Riders tend to be more cautious when it’s wet, but after heavy rain has dried, there are still many road hazards of which riders should be aware and cautious.
We have come up with 10 hazards on sealed and unsealed roads that are unique to road conditions after rain, especially following a long dry spell as we’ve experienced.
The best advice for handling these is to anticipate, slow down and develop your emergency braking and avoidance skills.
Over-confidence: After rain there may be good reason for improved confidence. Rain can clean roads of slippery oil and grime, while a short summer storm can cool the surface and improve grip when it has dried. But over-confidence can be a real danger for any rider, either on tarmac or dirt roads.
Gravel: Rain can wash a road clean and also wash gravel on to the road. This can be a real issue on downhill blind corners where you can’t see the debris scattered across the road.
Wet patches: Dry roads can still have some wet patches that are prolonged by the shade of trees which can also obscure the patches from a rider’s view.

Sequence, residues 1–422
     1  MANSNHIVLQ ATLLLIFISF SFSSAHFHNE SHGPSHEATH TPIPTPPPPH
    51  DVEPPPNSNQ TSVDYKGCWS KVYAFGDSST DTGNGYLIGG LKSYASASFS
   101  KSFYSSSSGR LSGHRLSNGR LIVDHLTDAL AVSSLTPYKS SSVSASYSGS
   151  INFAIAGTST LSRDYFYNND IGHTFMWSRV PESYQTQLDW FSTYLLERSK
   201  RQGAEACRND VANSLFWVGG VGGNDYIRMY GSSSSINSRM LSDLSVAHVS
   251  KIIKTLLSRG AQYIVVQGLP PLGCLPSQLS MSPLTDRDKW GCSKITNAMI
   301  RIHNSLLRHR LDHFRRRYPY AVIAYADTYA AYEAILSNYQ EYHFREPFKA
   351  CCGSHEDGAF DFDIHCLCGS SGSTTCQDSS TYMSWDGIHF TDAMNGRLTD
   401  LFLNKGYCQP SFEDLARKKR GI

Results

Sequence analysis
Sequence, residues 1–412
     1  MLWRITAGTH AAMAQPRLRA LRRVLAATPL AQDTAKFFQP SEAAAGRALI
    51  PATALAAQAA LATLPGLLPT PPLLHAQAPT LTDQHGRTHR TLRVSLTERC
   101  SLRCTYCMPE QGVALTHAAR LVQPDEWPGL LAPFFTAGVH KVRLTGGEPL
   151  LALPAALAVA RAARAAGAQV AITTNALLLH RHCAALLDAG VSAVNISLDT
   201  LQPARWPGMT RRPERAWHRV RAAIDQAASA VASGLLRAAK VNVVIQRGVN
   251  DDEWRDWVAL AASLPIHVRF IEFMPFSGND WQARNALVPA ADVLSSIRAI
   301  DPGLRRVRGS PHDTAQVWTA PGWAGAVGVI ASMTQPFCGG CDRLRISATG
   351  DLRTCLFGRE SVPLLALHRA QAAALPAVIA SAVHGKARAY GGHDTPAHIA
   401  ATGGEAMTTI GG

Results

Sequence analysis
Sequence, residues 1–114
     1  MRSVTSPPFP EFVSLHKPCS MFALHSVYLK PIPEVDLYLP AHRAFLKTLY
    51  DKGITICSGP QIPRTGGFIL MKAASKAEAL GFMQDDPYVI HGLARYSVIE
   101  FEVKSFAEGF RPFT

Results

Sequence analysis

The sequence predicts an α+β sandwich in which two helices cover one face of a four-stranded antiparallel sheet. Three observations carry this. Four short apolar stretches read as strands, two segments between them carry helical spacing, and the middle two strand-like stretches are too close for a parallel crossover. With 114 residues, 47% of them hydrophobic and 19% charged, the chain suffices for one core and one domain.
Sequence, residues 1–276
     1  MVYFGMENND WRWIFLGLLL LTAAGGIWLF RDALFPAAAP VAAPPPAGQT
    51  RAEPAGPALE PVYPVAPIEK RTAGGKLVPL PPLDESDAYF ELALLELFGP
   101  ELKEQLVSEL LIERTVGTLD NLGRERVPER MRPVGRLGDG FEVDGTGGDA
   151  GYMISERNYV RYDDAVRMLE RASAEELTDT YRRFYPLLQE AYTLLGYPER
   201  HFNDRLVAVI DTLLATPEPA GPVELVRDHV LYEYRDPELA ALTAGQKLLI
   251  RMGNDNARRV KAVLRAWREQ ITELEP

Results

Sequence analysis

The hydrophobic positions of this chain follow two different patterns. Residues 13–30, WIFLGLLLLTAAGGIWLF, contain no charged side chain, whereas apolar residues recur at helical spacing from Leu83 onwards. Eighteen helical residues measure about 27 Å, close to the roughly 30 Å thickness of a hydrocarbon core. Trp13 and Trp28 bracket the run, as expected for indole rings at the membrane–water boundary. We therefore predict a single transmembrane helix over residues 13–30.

Animals: Wildlife favour the roadside for the “green pick” which is the succulent new growth that springs up after rain. It grows more lush at the roadside because of the runoff from both tarmac and crowned dirt roads.
Gravel driveways: Be aware when passing driveways. Some can be made of gravel that has been washed across the road.
Soggy ground: Be careful when parking your bike on grass after rain as it could be soggy underneath and your side stand may sink.
Ruts: Dirt roads can turn to rivers in the rain and water will gouge deep ruts either across the road or in the same direction as your wheels. Both cause issues with stability and can be hidden around downhill blind corners.
Mud pools: Pools of water are fun to splash through, but be aware they could be covering rocks or other hazards. Also four-wheeled traffic coming the other way will often drive around these puddles and come across your side of the road.
Clay: Not all dirt has the same grip when wet or drying out. Crushed granite can actually have more grip when wet and volcanic red soil can dry to a concrete consistency. However, grip levels can change rapidly as the surface dries or heavy vehicles pummel the road back to gravel and dust. Also, be aware that clay can quickly dry to a thin crust. Don’t be deceived! Underneath it can still be a gooey trap for motorcycles.
Water crossings: Just because the rain has gone does not mean water crossings are safe. It can take hours and days for water to flow down to the water crossing. It will also be flowing faster than normal which can cause disaster, especially if the bottom is slimy moss.